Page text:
with Jacqui Patterson, Senior Director of the Environmental and Climate Justice Program for the NAACP
Posted Feb 07, 2018
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A recent study, funded in part by the Environmental Protection Agency, discovered that exposure to air pollutants is notably influenced by race. Jacqui Patterson, Senior Director of the Environmental and Climate Justice Program for the NAACP discusses the organization’s efforts in providing resources and supporting community leadership by addressing this human and civil rights issue.
Traynham: In the United States today, communities of color in lower-income communities have disproportionate exposure to all forms of pollution and the associated health risks than higher income areas. Hello, everyone, and welcome to "Comcast Newsmakers." I´m Robert Traynham. Joining me for discussion about environmental justice is Jacqui Patterson. She is Senior Director of the Environmental and Climate Justice Program for the NAACP. Jacqui, welcome to the program.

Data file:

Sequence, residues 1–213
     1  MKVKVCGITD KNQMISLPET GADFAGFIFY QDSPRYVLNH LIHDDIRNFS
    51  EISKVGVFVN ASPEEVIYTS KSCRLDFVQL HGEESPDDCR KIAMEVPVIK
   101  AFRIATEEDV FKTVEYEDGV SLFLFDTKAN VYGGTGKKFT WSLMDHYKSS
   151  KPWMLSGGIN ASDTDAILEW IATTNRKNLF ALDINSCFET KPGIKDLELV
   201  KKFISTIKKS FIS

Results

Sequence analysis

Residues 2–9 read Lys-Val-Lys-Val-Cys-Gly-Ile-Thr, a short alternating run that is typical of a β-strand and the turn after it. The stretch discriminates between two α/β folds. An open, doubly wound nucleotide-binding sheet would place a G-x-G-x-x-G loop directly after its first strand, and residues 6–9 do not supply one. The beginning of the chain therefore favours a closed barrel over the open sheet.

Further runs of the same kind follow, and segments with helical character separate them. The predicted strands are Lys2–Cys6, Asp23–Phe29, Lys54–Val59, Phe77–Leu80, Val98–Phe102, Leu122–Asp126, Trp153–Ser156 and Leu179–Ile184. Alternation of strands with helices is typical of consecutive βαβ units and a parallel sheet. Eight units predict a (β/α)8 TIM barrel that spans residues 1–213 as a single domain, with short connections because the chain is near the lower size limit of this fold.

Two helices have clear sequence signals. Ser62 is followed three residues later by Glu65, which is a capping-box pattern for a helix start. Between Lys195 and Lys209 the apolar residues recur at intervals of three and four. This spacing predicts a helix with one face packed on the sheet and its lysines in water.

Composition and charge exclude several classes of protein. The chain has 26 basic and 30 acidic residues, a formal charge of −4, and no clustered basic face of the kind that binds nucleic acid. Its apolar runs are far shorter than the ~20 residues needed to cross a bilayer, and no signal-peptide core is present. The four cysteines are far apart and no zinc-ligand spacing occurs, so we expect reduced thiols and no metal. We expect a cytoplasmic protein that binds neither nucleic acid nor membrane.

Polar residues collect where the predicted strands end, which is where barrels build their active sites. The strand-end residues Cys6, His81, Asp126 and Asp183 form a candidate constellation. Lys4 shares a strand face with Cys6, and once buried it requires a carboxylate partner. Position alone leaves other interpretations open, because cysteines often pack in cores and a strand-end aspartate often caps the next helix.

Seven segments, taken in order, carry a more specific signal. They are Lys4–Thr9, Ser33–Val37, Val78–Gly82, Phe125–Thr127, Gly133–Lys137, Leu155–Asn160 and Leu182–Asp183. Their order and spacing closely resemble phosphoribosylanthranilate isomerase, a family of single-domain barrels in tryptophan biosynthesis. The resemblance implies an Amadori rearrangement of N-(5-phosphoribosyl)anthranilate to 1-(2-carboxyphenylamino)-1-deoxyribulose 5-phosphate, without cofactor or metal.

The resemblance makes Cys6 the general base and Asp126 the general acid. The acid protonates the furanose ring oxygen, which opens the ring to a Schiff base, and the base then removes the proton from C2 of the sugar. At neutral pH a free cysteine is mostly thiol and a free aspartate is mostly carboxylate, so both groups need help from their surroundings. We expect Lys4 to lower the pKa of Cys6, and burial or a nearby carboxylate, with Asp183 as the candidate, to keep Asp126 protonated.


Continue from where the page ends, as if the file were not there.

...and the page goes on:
Patterson: Thank you.
Traynham: So what I just said a few moments ago is really sad to say. Please confirm that it´s true or not true that communities of color, specifically communities where perhaps maybe the medium income is a bit lower than their white counterparts, there is a predisposition, if you will, that that community would be more exposed to pollution.
Patterson: That is true, and it tells the true that even higher income communities of color are more likely to have toxic facilities than lower-income white communities.